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Scoping Out the Neighborhood


Here are some key considerations to help you make an informed decision about the place you might call home.

Home Prices and Sales Data

Sites like Zillow, Redfin, and Trulia can give you data on other homes in your prospective neighborhood. Make sure you’re comparing the price per square foot rather than the overall price.

Are you buying the cheapest house in the neighborhood? That might mean there’s something wrong with it. Are you buying the priciest house on the block? You could be overpaying.

You’ll also want to see how quickly the homes in your neighborhood have sold in the past, or how long they’ve stayed on the market. If there are several other places on your block that have languished on the market for months, it might not bode well for the neighborhood or the future value of your potential home.

Local Schools

GreatSchools.org rates local schools “by comparing the school’s state standardized test results to those of other schools in the state.” Even if you don’t have kids, good local schools are indicative of a good neighborhood (and will also boost the resale value of your home).

Walkability

A neighborhood’s Walk Score measures the restaurants, parks, shopping, and other resources available to you on foot. A neighborhood that’s highly walkable can mean a vibrant quality of life for you and your family.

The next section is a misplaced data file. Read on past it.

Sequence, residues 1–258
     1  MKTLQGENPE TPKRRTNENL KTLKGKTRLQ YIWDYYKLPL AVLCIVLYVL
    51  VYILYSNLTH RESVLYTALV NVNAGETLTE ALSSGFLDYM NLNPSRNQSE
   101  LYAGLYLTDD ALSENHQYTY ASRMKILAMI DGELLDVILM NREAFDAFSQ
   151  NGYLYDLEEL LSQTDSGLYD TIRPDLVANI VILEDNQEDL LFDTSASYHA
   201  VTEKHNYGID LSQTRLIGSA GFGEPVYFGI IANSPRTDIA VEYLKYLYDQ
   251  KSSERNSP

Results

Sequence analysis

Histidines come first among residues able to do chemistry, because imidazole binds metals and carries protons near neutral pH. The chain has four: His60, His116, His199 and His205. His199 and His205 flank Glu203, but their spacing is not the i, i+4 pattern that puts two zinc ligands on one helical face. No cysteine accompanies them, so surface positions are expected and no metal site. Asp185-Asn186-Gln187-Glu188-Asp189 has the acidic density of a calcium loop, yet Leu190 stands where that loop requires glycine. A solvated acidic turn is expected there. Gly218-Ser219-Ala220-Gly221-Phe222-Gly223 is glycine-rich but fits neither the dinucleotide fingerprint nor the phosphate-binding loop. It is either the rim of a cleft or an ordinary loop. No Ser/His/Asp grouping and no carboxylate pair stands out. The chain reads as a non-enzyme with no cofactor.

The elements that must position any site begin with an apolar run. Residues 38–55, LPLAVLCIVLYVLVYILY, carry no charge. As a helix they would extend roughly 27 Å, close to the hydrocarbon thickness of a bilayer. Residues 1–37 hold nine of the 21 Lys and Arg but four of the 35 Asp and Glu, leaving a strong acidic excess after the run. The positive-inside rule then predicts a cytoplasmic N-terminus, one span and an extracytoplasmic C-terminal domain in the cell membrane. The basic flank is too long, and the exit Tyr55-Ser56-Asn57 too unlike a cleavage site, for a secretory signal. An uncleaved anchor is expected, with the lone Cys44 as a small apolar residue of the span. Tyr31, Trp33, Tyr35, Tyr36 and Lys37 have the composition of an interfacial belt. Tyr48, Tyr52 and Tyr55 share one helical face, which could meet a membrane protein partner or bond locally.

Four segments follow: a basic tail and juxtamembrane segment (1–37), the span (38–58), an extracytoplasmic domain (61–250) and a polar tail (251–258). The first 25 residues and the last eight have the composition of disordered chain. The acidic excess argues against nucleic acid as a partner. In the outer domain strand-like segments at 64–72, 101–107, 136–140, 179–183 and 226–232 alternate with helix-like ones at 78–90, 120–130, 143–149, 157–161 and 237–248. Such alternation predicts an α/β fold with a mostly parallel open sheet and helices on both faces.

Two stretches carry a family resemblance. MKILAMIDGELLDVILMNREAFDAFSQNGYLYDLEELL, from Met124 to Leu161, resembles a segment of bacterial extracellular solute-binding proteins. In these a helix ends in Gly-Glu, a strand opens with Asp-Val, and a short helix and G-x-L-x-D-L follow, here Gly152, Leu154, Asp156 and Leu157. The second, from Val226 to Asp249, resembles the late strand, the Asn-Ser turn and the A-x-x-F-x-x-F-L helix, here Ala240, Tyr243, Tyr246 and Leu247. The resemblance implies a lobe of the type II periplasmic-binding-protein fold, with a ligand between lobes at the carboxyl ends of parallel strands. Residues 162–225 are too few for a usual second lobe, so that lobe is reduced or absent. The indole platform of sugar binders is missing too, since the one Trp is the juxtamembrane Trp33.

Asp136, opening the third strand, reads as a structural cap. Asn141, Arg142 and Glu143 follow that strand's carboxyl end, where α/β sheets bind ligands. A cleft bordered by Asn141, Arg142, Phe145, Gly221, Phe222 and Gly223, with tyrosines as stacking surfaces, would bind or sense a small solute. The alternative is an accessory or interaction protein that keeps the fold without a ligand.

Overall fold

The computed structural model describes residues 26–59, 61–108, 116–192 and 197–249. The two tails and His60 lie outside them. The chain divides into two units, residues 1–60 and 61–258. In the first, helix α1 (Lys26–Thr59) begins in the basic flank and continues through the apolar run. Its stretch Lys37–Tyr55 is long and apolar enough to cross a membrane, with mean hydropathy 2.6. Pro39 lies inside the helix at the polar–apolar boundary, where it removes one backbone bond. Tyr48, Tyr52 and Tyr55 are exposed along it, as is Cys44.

Crime Rate

Check with your local police department to see if they map out recent crimes. If you’re considering a purchase near a criminal cluster, you might want to think again.

Foreclosure Data

Go to the local courthouse to find area foreclosure data. You may not want to invest in a neighborhood with a high number of foreclosures. Even if you pay your bills on time, foreclosures around you might bring down the value of your house.

On the other hand, you might be able to use this knowledge to get a better price when negotiating with the seller, and then be a part of that neighborhood’s revitalization.

Neighborhood Regulations

Find out whether your home will fall under regulations from a Homeowner’s Association, the city, or a historic district.

Before you buy, you’ll want to know whether your neighborhood restricts signs on your property, the color you can paint your house, whether you can do additional construction, and more.

On the Ground Experience

There’s no substitute for walking and driving around the neighborhood at different times of the day and night.

If you don’t like what you see, hear, or smell, you can at least be happy that you figured this out before you moved in.

You can also talk to your prospective neighbors to get their takes.

Every homebuyer has his or her own personal desires for a potential neighborhood. Some might be anxious to live in a neighborhood filled with kids – others might run the other way. Some might despise airplane noise, while others would welcome the proximity to the airport.

The most important thing is to collect as much information as you can before making the decision that’s right for you.

Work with a local mortgage specialist

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